Indiana Storm Response: WIBC Steps Up


Regular readers know my feelings as a native New Orleanian when it comes to radio and disaster response. This story brings me very close to those feelings. You see, my mother-in-law is from Bloomington, IN. She works at Indiana University as a professor in the Folklore Department, a Department that was incredibly kind to my wife and I while we were in “exile” after the levee failure. Now, nearly three years later, it seems the waters have arrived in Indiana and scenes similar to the ones in New Orleans during our flood wash across the media.

Having been through this I can only say that I sincerely feel for the people of the Midwest who are going through this. While the waters are nowhere near as deep as we experienced on the Gulf Coast, the atmosphere of sudden loss and fear and craziness is palpable. WIBC in Indianapolis has been stepping up to the plate and providing support, showing once again that radio is indispensable when Mother Nature delivers one of her collect calls.

Jon Quick, the Director of Operations for the 93 WIBC Network has been kind enough to share the following bulletin from the front lines with us:

For the past few weeks, central Indiana has been hit by tornadoes, severe thunderstorms and historic flooding from record rainfalls. Historic because this is the worst flooding ever, with 1/3 of Indiana’s counties declared disaster areas by the President. Much of this is in WIBC’s primary coverage area.

Coupled with the storms, the rain and the floods, have been mass power outages. And because of these outages, battery-powered radios are essential for victims and others to receive communications on future storms, recovery efforts and more. Television is providing coverage, but few have battery powered sets, so again it’s WIBC Radio that has been a primary source for information.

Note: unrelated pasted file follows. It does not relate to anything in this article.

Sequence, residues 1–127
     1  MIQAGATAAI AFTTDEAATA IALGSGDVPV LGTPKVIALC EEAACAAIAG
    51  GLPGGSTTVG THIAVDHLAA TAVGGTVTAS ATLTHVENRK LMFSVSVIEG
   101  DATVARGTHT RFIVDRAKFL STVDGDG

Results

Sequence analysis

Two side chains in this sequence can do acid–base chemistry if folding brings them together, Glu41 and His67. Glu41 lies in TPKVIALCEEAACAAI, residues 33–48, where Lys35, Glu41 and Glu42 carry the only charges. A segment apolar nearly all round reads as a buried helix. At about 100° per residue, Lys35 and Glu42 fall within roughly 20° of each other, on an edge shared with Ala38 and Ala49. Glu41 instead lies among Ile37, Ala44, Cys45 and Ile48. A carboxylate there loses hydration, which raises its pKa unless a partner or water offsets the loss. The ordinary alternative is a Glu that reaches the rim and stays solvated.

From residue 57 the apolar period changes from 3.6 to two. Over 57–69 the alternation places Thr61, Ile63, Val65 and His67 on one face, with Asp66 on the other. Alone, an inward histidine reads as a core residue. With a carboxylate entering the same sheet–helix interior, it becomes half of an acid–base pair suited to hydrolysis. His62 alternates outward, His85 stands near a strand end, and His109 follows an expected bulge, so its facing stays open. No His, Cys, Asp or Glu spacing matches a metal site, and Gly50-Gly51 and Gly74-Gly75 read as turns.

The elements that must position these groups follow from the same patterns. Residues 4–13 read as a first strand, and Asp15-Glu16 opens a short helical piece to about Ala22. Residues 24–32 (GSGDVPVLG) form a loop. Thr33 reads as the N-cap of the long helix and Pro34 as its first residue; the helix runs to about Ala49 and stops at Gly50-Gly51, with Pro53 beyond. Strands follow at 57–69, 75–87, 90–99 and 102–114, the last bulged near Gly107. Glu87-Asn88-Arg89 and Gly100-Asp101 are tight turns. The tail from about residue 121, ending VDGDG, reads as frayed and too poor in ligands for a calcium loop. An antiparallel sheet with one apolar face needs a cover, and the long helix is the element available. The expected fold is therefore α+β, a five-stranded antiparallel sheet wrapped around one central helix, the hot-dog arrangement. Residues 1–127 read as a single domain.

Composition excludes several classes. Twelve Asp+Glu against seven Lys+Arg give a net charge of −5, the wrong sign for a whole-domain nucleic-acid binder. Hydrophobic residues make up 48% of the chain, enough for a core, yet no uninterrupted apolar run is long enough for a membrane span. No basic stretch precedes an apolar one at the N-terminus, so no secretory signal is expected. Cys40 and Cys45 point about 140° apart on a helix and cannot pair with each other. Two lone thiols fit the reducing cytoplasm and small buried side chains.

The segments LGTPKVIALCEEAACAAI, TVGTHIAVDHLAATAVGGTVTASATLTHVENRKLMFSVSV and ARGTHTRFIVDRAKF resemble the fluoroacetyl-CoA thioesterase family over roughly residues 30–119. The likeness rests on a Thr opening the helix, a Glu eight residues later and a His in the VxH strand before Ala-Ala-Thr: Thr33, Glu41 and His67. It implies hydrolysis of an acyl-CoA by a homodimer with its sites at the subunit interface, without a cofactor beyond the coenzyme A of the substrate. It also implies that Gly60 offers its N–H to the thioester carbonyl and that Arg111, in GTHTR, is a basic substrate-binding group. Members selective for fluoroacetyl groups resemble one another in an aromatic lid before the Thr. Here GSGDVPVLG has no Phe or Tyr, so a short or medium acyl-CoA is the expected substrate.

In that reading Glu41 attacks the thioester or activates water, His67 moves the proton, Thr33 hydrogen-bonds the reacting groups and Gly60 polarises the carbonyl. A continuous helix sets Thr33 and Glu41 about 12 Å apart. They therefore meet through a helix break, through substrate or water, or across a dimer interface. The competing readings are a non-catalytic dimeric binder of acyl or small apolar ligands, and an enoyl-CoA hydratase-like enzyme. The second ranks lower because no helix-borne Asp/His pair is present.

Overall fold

There have been several occasions over the past few weeks where we have covered the weather and impending storms for 10-12 hours straight. Our news team, along with our major personalities, report the watches and warnings. We’re out on remote reporting. We take phone calls from listeners. Then, coverage of the aftermath.

Many, many families have lost everything they have. Thus, WIBC has teamed up with the Salvation Army and Red Cross to raise funds and supplies. Just this morning all Emmis Indy stations — including WIBC’s morning team, Jake Query and Terri Stacy — teamed up with the local ABC Television affiliate for a radio-thon of sorts. Our support of relief efforts will continue indefinitely. Today and tomorrow are going to be relatively dry throughout the region, with sunshine finally helping things dry out. However, we might be in for more precipitation and storms through the end of the week. It’s not over yet, and longer term this will also affect farmers crops and the overall economy. So this story will continue for sometime to come. Check out for more information on what we’ve been doing.

Also, on an anecdotal basis, there some historic symbols have been destroyed. At this link you’ll see a blog by Congressman Mike Pence (former WIBC talk host), touring what’s left of a famous landmark near Moscow, Indiana — a covered bridge. WIBC’s morning team of Jake Query and Terri Stacy have been leading efforts to raise funds to rebuild.

Addendum: The only post-script I can give you to supplement the above info is that we’re bracing for perhaps more severe storms and rain again on Friday and into Saturday, so it’s not over yet. This story will continue for sometime to come even after the waters subside, as so many have lost their homes and all of their belongings. Certainly a time for radio to do what we still do best — touch and support our communities.

-Jon Quick

Photo courtesy of the Soldier’s Media Center, used under its Creative Commons license


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